Haven't Mobile Phones Come a Long Way

Photo 1: Mobile Phone Development (1992 to 2014)

Mobile phone development is another example of Moore's Law. I think my first mobile phone was probably the Nokia 3210 (3rd phone from the left). The era of 'smartphones' is also the history of Apple's i-Phone series that started in 2007. There have been many technological developments since then but the most significant has been the ubiquitous camera phone. With each new model, there have been improvements in picture resolution, addition of zoom and macro features, videoing, better low light performance, special effects and more. Now, apparently, artificial intelligence will make us better photographers.

My phone is a Google Pixel 7 Pro bought for a bargain price after the introduction of the Pixel 8 Series. I was out delivering some election leaflets last week and during my lunch break spotted someone working on a roof some distance away. So, out with the phone and I snapped this picture (Photo 2) ...

Photo 2: Person on Roof?

Zooming in (5X optical), it clearly was a person working on the roof ... 

Photo 3: Definitely Person on Roof 

Using the 30X digital zoom, it all became clear ...

Photo 4: Person Installing Flashing Around the Chimney

Mary & I have lived through the technology age starting with the move away from slide rules and log tables to pocket calculators - some even had graphing capabilities! At University, we prepared punch cards for running small programs on the mainframe  computer. And while I was doing my PhD in the mid-seventies, all my statistical analysis and reaction rate calculations were done on a Commodore Pet Computer which was state of the art in 1977.

Moving into the world of work (bp, 1980), it was a treat to work with Apple II and IIe PCs. In the 1980s, the personal computer for home use took off - examples included the Sinclair ZX Spectrum, the BBC Micro,  the Commodore 128, the Amstrad CPC, etc. We took the plunge initially with a Dragon 64 and then an Atari ST. At work, we were using networked desktop PCs and laptops if you were working at home or away on business. Since about 2000, we have had Windows laptops (Sharp, Lenovo, Acer, Asus) for home use until moving over to Chromebooks about 10 years ago. We do, however, have a Windows 11 laptop used for specific tasks beyond the capabilities of our Chromebooks.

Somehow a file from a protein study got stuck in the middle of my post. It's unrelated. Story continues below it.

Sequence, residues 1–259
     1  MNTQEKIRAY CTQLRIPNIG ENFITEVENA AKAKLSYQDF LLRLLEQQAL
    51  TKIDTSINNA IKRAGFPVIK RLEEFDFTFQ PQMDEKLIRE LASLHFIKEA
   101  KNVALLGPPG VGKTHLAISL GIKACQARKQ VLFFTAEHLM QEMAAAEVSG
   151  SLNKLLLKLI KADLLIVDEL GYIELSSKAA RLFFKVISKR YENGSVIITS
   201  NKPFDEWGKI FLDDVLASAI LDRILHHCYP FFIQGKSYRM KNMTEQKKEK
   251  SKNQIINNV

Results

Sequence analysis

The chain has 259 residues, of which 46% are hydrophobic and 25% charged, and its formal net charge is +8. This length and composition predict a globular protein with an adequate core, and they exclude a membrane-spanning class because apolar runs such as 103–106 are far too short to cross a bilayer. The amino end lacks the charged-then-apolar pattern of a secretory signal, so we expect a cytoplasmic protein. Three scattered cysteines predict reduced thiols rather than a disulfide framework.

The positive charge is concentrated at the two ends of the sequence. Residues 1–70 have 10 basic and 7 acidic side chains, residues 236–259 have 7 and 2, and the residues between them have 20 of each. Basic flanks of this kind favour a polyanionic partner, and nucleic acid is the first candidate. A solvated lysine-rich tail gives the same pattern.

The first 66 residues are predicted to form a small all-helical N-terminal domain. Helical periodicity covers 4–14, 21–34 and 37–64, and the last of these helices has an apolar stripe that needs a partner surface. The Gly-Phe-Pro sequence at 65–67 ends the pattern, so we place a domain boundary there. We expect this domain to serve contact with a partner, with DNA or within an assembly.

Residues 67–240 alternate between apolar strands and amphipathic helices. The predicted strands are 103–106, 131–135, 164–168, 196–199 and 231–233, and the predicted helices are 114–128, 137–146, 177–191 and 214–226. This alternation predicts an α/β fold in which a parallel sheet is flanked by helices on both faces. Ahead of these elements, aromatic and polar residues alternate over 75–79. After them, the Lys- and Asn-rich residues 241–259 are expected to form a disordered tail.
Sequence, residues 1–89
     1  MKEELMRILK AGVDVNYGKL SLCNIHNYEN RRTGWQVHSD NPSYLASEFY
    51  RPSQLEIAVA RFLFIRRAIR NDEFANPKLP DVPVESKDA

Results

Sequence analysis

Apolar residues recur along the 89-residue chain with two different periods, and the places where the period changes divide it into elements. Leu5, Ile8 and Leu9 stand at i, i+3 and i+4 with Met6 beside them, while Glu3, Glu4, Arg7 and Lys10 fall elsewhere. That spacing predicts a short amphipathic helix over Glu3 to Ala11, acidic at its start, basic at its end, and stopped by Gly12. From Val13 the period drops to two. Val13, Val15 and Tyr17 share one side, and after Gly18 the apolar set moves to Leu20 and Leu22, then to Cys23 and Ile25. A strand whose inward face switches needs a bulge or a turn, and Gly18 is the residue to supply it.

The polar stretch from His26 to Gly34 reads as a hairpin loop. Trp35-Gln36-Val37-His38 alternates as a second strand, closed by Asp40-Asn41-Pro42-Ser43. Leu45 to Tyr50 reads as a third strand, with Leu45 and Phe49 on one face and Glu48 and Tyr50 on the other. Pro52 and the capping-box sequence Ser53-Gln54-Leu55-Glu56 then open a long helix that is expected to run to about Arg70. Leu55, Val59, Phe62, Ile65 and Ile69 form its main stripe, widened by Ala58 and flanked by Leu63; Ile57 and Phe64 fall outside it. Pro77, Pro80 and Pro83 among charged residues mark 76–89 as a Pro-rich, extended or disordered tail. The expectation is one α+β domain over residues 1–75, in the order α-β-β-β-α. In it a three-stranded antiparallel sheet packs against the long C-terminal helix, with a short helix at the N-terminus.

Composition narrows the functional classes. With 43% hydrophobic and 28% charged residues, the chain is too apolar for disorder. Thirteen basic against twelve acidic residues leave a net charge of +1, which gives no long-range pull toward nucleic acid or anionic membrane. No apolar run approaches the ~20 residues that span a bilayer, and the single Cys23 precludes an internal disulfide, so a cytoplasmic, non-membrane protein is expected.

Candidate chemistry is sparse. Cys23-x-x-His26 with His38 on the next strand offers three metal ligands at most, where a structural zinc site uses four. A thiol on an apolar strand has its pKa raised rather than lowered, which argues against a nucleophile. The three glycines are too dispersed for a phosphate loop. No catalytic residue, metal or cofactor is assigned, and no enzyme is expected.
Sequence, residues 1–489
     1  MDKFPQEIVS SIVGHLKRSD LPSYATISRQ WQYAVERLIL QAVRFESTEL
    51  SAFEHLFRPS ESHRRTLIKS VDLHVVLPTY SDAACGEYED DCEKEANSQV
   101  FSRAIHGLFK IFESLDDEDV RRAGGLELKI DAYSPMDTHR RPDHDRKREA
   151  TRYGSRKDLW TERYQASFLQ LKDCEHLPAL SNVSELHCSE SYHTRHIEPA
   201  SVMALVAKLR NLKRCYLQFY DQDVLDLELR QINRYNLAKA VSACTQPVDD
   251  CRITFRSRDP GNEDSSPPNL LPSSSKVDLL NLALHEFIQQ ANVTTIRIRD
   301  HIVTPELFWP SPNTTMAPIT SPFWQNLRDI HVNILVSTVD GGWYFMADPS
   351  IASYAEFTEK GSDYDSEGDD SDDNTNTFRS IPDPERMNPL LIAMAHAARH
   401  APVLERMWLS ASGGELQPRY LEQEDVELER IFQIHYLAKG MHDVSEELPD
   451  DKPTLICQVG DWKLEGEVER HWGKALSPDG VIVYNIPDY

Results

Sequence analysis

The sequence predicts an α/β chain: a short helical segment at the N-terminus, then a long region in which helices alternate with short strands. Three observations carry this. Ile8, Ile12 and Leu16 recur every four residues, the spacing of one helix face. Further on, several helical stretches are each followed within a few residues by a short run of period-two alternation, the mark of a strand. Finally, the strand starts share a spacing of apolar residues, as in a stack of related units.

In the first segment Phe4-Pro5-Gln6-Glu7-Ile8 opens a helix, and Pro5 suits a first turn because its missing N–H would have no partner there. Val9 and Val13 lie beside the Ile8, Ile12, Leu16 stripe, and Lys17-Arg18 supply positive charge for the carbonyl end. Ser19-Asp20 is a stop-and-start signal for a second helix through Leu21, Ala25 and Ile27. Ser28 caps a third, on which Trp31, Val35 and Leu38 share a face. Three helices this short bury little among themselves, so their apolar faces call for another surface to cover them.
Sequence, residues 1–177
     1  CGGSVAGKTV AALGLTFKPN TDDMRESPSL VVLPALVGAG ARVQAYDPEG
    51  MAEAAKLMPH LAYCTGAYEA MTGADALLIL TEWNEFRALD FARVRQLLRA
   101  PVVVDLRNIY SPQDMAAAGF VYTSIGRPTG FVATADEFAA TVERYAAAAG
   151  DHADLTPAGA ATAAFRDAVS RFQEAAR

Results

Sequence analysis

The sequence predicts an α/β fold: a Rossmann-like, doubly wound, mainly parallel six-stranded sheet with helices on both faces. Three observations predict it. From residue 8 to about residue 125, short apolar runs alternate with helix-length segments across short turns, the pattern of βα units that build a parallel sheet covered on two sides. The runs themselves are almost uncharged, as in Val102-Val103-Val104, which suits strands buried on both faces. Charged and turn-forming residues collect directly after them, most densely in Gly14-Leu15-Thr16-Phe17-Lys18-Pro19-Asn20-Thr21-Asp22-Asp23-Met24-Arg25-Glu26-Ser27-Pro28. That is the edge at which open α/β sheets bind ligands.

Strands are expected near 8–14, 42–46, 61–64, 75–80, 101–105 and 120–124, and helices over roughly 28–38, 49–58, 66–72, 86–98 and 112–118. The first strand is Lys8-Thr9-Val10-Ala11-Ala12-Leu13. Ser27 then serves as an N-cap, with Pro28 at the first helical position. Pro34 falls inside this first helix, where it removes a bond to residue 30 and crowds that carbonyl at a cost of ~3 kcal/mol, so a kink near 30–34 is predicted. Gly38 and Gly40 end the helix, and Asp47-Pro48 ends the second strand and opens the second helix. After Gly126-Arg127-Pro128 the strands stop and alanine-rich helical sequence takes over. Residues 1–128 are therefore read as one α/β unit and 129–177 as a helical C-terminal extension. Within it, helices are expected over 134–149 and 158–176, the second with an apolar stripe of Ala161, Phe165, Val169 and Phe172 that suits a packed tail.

We have seen a lot of changes but the capabilities and features of modern camera phones still amaze. It is difficult to see how they can improve without phones getting ridiculously large. But I wouldn't bet against it: improving not getting larger.! Remember Moore's Law!!

By way of comparison, I did a quick comparison of the Pixel Pro 7 with my trusty Panasonic Lumix FZ38 (Photo 5). Although rather long in the tooth by today's standard this bridge camera is still a half decent performer with its 12 megapixel sensor and 18X optical zoom. I use it every day to take photos of the rear garden; for example, see here.

Photo 5: Panasonic FZ38 Bridge Camera

Below is a series of photographs taken with the FZ38 at 1X, 5X and 18X optical zoom looking down the garden but focusing on the yellow bucket.

Photo 6: Yellow Bucket at 1X Optical Zoom (FZ38, 7.5 MB)

Photo 7: Yellow Bucket at 5X Optical Zoom (FZ38, 7.4 MB)

Photo 8: Yellow Bucket at 18X Optical Zoom (FZ38, 7.3 MB)

A similar set of photos were taken with the Pixel 7 Pro using the 1X and 5X optical zoom and the 30X digital zoom. The photographs are similar rather than equivalent due to differences in the wide angle lenses and the aspect ratio of the picture. 

Photo 9: Yellow Bucket at 1X Optical Zoom (Pixel 7 Pro, 5.1 MB)

Photo 10: Yellow Bucket at 5X Optical Zoom (Pixel 7 Pro, 6.1 MB)

Photo 11: Yellow Bucket at 30X Digital Zoom (Pixel 7 Pro, 2.0 MB)

I still enjoy using my Lumix camera and, while it is extremely versatile and flexible in the types of pictures it can take, there is always the added faff of having to physically transfer the photos from the SD card to the computer/cloud. Its bulk is also a consideration when travelling.

A good camera phone has effectively replaced the compact camera due to the improvements in quality with the former. And, of course, nobody thinks twice about slipping their phone into a pocket/bag when they go out.

The camera phone is also pretty good in macro mode as Figures 12 & 13 illustrate. Which is fortunate as we do like to take close-ups of plants, butterflies and insects.

Figure 12: Lumix FZ38 in Macro Mode

Figure 13: Pixel 7 Pro in Macro Mode



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